The institution of Protecting Powers had proved its worth during the First and Second World Wars. Since then it had been little used. Several explanations were suggested: the nature of most of the conflicts since the end of the Second World War and the impossibility of transposing the concept of Protecting Powers to non-international armed conflicts; the refusal of the parties concerned to admit the existence of an armed conflict or to enter into official relations with an adversary whose existence they contested, or ignorance about the institution. This did not mean that the latter, as such, had no future. The subject would have to be studied in order to become more familiar with it and to make it better known. It was emphasized that the institution of Protecting Powers was the only mechanism that could ensure continuous monitoring of the application of international humanitarian law during an armed conflict. One participant underscored the importance of adopting an imaginative approach towards adapting the institution to internal conflicts.

The wish was expressed that a mechanism be found that could, in internal conflicts, perform the tasks entrusted to the Protecting Power in international conflicts.

2. A mechanism for exchange of information (periodic reports)

The Geneva Conventions assume, and in many instances require, that States Parties take legislative and administrative measures to guarantee and facilitate the proper implementation of humanitarian law. The penal and disciplinary provisions aimed at the repression of violations and the legal measures designed to protect the emblem are but examples.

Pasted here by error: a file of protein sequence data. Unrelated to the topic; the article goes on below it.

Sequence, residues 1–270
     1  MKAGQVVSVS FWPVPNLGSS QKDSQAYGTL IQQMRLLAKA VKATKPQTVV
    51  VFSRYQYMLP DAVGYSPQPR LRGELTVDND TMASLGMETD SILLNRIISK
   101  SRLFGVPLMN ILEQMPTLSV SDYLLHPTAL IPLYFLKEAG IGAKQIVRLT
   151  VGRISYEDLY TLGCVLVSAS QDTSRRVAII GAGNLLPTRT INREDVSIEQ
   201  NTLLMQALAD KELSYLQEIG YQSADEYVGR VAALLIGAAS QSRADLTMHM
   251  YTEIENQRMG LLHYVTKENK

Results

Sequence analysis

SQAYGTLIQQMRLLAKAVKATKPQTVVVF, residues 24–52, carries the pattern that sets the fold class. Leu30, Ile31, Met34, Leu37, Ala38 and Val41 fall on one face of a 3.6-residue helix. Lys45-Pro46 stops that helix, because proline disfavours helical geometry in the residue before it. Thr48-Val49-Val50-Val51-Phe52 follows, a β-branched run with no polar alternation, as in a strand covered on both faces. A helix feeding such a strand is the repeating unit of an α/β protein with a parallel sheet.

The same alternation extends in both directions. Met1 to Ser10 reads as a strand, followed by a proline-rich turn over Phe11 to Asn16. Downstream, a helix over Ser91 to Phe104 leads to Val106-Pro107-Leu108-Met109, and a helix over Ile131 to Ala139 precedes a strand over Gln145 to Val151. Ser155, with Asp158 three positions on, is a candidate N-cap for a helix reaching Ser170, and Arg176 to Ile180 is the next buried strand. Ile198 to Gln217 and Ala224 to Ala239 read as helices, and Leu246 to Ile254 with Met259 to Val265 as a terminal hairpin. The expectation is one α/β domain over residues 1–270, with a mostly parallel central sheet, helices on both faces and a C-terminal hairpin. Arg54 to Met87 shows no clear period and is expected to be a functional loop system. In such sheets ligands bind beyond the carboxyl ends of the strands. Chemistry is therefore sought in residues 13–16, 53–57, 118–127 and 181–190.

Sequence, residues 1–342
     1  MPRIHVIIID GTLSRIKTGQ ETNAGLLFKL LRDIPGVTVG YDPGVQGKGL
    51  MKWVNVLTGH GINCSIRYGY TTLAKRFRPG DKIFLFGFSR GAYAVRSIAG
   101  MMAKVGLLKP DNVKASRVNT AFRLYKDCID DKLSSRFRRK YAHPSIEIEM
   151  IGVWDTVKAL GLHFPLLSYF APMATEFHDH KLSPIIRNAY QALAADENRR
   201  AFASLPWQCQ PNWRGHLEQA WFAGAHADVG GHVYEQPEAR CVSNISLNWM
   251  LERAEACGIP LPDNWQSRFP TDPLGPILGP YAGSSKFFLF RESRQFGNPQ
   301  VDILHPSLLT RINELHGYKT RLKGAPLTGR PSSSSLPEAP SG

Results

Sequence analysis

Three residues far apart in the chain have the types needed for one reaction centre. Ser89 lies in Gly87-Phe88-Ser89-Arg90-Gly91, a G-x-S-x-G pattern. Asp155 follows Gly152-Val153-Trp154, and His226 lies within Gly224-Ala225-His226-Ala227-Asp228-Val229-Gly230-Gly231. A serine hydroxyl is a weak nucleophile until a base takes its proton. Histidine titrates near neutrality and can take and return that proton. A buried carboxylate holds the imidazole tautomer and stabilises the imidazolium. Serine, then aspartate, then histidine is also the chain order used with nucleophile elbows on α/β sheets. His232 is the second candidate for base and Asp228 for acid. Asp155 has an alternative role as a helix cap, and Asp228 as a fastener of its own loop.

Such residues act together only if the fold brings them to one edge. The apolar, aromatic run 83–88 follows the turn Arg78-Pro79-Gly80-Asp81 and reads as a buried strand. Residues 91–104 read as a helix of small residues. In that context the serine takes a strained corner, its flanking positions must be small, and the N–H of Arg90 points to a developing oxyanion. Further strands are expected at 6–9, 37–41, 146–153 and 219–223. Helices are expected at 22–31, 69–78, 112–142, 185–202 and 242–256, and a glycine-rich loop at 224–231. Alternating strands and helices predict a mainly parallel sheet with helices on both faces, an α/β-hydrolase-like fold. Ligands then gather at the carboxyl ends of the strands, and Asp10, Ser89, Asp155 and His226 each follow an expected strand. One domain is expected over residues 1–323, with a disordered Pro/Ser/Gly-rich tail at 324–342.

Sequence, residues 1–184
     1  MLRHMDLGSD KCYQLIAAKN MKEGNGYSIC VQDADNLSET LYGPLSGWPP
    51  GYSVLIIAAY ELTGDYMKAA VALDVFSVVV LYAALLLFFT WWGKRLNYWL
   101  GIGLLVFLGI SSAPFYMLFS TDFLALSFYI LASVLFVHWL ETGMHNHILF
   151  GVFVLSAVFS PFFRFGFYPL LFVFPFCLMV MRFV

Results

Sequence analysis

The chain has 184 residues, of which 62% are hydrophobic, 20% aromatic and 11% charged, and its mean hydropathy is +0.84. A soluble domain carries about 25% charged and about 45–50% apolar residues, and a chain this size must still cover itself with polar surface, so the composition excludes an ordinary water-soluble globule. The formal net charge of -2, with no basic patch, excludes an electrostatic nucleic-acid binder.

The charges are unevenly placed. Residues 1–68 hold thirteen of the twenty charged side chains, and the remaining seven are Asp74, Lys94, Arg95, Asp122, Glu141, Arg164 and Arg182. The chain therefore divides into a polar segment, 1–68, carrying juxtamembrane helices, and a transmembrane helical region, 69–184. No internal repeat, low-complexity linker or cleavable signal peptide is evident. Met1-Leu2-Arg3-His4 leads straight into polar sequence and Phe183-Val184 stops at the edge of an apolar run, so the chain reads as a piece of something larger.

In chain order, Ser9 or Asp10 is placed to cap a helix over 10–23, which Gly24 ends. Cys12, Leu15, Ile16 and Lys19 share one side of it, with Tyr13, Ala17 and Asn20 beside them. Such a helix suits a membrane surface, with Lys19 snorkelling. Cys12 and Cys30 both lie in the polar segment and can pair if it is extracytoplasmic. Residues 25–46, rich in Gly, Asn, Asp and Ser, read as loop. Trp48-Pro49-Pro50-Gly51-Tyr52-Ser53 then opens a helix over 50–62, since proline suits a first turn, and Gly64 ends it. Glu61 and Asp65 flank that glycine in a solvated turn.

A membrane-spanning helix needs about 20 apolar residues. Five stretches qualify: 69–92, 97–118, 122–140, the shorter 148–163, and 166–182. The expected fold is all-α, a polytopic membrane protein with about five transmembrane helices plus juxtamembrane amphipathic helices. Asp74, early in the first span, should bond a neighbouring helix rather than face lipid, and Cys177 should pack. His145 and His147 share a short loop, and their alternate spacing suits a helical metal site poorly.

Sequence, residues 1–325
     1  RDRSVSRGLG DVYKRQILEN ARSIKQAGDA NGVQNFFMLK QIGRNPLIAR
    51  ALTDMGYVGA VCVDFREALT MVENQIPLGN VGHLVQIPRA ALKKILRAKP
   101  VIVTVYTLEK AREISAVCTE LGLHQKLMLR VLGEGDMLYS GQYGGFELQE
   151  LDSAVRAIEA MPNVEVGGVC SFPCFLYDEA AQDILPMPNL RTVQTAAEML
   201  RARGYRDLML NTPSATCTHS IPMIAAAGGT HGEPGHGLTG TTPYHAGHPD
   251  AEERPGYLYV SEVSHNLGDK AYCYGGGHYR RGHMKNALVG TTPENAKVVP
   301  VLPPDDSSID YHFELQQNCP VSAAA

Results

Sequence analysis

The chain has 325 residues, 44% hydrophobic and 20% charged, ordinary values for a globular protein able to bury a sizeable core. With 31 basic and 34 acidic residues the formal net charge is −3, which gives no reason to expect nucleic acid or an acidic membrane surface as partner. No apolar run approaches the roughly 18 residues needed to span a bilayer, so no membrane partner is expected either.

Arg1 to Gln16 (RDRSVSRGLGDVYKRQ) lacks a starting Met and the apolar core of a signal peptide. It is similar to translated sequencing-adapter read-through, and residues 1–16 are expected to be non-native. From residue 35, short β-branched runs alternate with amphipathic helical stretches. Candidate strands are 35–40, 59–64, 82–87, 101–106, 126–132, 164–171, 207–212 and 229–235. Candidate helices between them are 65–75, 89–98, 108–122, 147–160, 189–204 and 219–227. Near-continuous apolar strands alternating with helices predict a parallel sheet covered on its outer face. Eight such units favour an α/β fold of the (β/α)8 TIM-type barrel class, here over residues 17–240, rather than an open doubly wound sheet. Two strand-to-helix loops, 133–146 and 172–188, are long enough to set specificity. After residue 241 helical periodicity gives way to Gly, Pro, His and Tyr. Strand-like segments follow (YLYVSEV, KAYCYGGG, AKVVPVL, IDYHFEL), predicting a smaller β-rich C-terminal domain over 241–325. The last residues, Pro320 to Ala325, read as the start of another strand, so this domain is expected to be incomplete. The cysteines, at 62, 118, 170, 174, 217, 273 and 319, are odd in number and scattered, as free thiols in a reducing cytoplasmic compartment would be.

Given the importance of this legal instrument it is desirable and even necessary to ensure that it meets all requirements. The system of periodic reports evaluated by committees of experts is a method well-established in international law to promote the proper implementation of international treaties.

The participants in the workshop welcomed the idea of instituting a mechanism for exchanging information on humanitarian law. Such a system had the advantage of promoting transparency and fostering dialogue that could ultimately lead to reform in States' systems for implementing humanitarian law. It could also constitute an independent mechanism for heightening awareness and for monitoring. In order to avoid any errors, the procedures ought to be laid down in the light of both positive and negative experience in the United Nations system.

The participants discussed several aspects of a possible mechanism, for example in regard to who would draft the reports and for whom, what the reports would cover, the nature of the information to be provided, the aims pursued, the composition of the "club" of States participating in a voluntary system set up as a pilot project, the way in which such a system should be set up and certain procedural aspects.

The speakers thought that the exchange of information and experiences should be carried out in a spirit of cooperation rather than in an climate of repression or denunciation of violations. The view was expressed that, at least at first, the national committees for the implementation of humanitarian law could make a valuable contribution to creating such a system.

The speakers confirmed the importance of pursuing the work on such a project.

 

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Workshops

The International Criminal Court

Volunteering 2000

People On War

Widowhood and armed conflict

Working in partnership

The humanitarian challenge of small arms proliferation

Fight against AIDS in developing countries

Ensuring respect for International Humanitarian Law

The SIrUS Project and reviewing the legality of new weapons

Use and development of SPHERE standards

Health and first aid training